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UK Internet Porn Censorship to Begin in April 2018


In December of last year, we wrote about the UK The Digital Economy Act. The final version of the law having been approved, this awful (and censorious) law is now at the point where the UK government is working on enforcement.

As a brief refresher (see the original article for more in-depth analysis — the bill hasn’t changed much), the UK Economy Bill has two immediately relevant provisions:

  1. – It requires that anyone “making pornographic material available on the internet” have a system that prevents access by anyone under the age of 18.
  2. – Entirely bans “extreme pornographic material” from being distributed over the Internet.

To enforce these two rules, a new UK regulatory body is going to be given the power to fine violators within the UK, require ISPs to block access to violators’ websites, and — most perniciously — require payment services companies like PayPal stop doing business with violators or face sanctions themselves.

The Digital Economy Act is terrible, but at this point the real questions are when and how exactly is it going to be enforced. According to the BBC, “digital minister” Matt Hancock has said that the age-check requirement is to start in April of 2018. This is an almost comically short time frame to set up an entirely new regulatory body, even notwithstanding that none of the mechanisms it will depend on exist either. It is like trying to simultaneously set up a new police force, legal code, and court system, and get all three up and running in eight months. Even Dr. Victoria Nash, the author of one of the governments report leading to the creation of this bill, said the proposed April deadline “seems … be a very premature date.”

There are essentially only two possibilities, then: either the enforcement will be delayed or it will be a goddamned mess. As bad as this law is, the former is obviously preferable. Disorganized, inconsistent enforcement will only lead to more uncertainty and instability in the industry. Likewise, the anti-porn environment will only get worse as the additional parts of this law come into force. Once websites start being banned for “extreme pornography,” a wave of chilling is likely to follow as websites remove borderline content for fear of being blocked.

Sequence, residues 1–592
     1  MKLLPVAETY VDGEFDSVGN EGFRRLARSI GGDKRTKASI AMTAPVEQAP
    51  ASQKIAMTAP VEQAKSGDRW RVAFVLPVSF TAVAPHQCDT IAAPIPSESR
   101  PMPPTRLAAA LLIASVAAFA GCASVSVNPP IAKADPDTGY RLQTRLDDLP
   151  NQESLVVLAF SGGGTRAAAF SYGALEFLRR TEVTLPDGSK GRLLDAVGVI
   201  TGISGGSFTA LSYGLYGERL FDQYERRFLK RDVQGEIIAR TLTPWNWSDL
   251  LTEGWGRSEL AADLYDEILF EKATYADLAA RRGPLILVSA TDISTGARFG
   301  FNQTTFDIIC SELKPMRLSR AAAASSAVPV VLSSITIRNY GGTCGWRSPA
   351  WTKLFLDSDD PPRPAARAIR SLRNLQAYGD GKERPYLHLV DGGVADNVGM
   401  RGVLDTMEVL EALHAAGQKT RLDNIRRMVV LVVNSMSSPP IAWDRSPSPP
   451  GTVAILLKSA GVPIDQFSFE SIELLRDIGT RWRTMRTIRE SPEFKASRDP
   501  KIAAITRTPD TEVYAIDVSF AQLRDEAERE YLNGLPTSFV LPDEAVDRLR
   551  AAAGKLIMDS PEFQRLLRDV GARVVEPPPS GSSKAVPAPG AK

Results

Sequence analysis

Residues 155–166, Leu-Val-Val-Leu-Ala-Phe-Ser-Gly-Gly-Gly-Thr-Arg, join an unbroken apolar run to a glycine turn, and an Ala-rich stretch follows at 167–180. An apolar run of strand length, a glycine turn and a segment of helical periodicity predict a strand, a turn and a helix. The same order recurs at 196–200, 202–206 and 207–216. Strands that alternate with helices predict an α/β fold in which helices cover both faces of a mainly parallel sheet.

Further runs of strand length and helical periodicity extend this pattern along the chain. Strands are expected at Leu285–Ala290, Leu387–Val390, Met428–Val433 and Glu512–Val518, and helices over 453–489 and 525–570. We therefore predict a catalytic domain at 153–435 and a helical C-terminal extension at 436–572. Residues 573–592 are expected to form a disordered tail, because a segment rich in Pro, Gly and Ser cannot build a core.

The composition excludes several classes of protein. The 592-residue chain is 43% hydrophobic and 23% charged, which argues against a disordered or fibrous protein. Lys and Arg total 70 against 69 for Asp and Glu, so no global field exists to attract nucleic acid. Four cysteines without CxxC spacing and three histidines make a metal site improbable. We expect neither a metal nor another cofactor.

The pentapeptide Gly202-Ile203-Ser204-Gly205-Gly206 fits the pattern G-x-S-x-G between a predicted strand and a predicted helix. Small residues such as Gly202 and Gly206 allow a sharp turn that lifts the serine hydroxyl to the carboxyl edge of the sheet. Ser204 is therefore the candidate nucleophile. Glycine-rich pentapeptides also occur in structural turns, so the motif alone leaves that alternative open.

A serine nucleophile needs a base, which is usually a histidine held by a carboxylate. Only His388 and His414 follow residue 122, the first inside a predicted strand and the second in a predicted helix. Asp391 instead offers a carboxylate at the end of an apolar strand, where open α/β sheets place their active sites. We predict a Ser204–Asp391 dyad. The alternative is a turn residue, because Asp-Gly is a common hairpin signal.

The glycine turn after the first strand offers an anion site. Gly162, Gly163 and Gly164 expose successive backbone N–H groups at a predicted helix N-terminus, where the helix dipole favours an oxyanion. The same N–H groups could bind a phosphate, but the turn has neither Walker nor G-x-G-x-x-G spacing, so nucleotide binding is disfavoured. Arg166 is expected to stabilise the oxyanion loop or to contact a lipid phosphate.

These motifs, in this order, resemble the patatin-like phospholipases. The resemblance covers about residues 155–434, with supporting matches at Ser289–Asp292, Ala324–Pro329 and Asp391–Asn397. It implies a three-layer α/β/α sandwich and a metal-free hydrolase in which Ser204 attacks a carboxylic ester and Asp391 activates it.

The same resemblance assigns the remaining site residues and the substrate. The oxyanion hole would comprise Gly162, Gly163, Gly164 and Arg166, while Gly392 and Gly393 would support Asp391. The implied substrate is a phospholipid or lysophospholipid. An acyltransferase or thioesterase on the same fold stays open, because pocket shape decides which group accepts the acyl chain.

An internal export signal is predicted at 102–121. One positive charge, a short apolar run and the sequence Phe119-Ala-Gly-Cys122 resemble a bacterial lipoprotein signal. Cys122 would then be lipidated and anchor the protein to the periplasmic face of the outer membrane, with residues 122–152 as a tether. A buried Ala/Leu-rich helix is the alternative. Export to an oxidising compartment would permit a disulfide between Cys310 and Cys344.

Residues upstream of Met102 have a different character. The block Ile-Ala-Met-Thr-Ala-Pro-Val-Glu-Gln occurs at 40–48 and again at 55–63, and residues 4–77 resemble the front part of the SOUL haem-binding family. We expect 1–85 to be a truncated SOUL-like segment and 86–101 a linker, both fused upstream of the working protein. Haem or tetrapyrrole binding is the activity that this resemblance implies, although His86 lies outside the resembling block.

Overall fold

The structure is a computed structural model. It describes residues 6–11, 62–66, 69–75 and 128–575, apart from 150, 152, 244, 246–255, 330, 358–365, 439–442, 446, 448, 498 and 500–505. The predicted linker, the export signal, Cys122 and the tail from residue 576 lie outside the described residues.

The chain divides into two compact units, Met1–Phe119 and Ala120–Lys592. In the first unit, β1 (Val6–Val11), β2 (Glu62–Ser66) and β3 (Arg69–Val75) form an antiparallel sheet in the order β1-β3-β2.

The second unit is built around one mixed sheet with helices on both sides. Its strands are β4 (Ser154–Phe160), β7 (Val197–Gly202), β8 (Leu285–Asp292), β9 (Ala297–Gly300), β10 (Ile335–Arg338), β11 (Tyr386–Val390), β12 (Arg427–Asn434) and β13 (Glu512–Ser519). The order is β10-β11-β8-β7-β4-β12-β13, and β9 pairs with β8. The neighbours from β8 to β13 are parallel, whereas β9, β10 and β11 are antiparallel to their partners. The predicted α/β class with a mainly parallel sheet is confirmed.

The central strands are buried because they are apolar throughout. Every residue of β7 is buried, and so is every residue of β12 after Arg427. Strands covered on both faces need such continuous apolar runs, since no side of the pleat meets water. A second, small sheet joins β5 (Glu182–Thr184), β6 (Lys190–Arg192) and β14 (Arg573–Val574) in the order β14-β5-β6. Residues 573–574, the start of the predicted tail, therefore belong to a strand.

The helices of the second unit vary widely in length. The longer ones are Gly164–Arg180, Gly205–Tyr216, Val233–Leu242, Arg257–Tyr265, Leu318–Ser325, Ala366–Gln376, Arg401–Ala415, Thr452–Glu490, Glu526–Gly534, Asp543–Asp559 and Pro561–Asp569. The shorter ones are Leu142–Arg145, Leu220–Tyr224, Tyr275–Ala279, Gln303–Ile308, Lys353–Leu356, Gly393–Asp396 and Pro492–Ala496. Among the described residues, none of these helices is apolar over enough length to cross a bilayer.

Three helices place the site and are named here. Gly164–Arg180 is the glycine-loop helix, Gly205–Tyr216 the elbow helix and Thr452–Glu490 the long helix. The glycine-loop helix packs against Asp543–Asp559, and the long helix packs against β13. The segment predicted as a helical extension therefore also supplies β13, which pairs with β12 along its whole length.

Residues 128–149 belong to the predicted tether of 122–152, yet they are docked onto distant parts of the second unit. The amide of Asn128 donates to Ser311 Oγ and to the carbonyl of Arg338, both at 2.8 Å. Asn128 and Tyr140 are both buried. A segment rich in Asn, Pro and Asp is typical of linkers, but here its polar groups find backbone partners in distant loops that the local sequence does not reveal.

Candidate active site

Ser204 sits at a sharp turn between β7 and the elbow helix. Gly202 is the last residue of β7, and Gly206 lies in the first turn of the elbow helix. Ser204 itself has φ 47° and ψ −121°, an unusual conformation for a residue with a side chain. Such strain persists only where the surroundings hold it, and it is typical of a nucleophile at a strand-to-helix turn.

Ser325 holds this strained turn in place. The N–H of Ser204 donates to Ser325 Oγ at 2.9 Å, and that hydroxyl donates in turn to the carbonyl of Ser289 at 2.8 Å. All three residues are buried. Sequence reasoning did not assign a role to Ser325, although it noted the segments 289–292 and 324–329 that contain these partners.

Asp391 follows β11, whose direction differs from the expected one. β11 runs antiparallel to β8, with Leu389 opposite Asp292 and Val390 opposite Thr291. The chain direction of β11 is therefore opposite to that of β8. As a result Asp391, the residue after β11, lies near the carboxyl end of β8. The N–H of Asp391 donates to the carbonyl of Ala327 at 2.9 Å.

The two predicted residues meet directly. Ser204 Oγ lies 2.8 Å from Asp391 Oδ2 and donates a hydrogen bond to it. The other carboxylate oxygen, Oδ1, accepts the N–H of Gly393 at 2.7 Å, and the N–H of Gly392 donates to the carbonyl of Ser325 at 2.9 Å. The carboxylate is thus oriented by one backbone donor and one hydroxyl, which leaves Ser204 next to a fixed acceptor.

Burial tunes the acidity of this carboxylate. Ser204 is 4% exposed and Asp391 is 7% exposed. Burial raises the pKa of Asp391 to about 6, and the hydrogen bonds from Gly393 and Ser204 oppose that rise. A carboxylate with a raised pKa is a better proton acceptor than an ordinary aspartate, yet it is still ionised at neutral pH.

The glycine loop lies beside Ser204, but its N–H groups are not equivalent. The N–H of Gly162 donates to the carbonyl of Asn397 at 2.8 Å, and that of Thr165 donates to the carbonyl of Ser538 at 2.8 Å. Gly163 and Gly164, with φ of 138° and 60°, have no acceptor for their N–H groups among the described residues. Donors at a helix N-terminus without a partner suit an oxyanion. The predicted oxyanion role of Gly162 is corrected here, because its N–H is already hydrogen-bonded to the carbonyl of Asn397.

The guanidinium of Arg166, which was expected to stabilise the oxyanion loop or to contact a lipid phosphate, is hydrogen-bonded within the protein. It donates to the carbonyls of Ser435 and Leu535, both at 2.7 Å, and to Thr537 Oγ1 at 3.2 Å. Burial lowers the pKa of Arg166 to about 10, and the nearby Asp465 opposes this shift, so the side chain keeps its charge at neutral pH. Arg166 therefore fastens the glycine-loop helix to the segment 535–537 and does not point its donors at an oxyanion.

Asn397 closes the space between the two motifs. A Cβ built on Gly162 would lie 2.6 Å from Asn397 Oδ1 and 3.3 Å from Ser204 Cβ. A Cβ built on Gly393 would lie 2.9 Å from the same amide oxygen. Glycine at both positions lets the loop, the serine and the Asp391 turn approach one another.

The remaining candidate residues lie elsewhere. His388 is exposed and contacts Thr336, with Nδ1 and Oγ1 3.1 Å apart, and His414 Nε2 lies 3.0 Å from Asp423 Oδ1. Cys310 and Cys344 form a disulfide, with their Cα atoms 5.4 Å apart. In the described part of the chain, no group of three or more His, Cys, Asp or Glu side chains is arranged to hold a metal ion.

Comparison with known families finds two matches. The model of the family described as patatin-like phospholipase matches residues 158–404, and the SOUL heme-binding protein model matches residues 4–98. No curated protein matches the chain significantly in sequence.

That being said, the porn industry is itself being at least partially complicit in this. Mindgeek (the company behind Pornhub and many other major streaming websites) has been working on AgeID, which is a system it proposes to use for age verification across all of its own websites. Mindgeek is also planning to sell the AgeID service to its competitors, which would both give it access to the credit card information of all users, it would allow Mindgeek to track porn viewing habits across the internet.

Jim Killock, Executive Director of the Open Rights Group, observed that this “could lead to porn companies building databases of the UK’s porn habits, which could be vulnerable to Ashley Madison style hacks.” He went on, “There is also nothing to ensure a free and fair market for age verification. We are concerned that the porn company MindGeek will become the Facebook of age verification, dominating the UK market. They would then decide what privacy risks or profiling take place for the vast majority of UK citizens.”

Under this proposed system, consumers are left with no good options. Even in the best case scenario where everything goes smoothly, consumers within the UK who want to view porn will have to give their personal information and credit card number to a corporation who can use it to track them and their porn-viewing habits. Smaller sites that either can’t or don’t want to pay Mindgeek for AgeID will have to buy or create their own age authentication, and there are no guarantees of security. Mindgeek themselves have promised that they don’t intend to use AgeID to track customers, but there is nothing but their word to go on. The Digital Economy Act has no provisions requiring porn sites to protect the information they use for verification and has nothing to say about the method of verification at all.

The future of porn — and privacy — looks grim in the UK.

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